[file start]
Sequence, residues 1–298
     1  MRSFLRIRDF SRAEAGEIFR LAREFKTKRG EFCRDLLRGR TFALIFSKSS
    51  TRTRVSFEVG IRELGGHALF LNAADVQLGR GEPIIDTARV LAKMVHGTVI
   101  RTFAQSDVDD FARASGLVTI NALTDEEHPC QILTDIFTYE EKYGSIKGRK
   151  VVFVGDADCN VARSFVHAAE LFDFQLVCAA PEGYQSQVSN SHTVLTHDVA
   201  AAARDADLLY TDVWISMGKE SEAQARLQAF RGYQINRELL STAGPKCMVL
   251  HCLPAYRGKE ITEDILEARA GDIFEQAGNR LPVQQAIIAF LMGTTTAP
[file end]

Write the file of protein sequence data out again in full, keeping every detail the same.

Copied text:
Sequence, residues 1–298
     1  MRSFLRIRDF SRAEAGEIFR LAREFKTKRG EFCRDLLRGR TFALIFSKSS
    51  TRTRVSFEVG IRELGGHALF LNAADVQLGR GEPIIDTARV LAKMVHGTVI
   101  RTFAQSDVDD FARASGLVTI NALTDEEHPC QILTDIFTYE EKYGSIKGRK
   151  VVFVGDADCN VARSFVHAAE LFDFQLVCAA PEGYQSQVSN SHTVLTHDVA
   201  AAARDADLLY TDVWISMGKE SEAQARLQAF RGYQINRELL STAGPKCMVL
   251  HCLPAYRGKE ITEDILEARA GDIFEQAGNR LPVQQAIIAF LMGTTTAP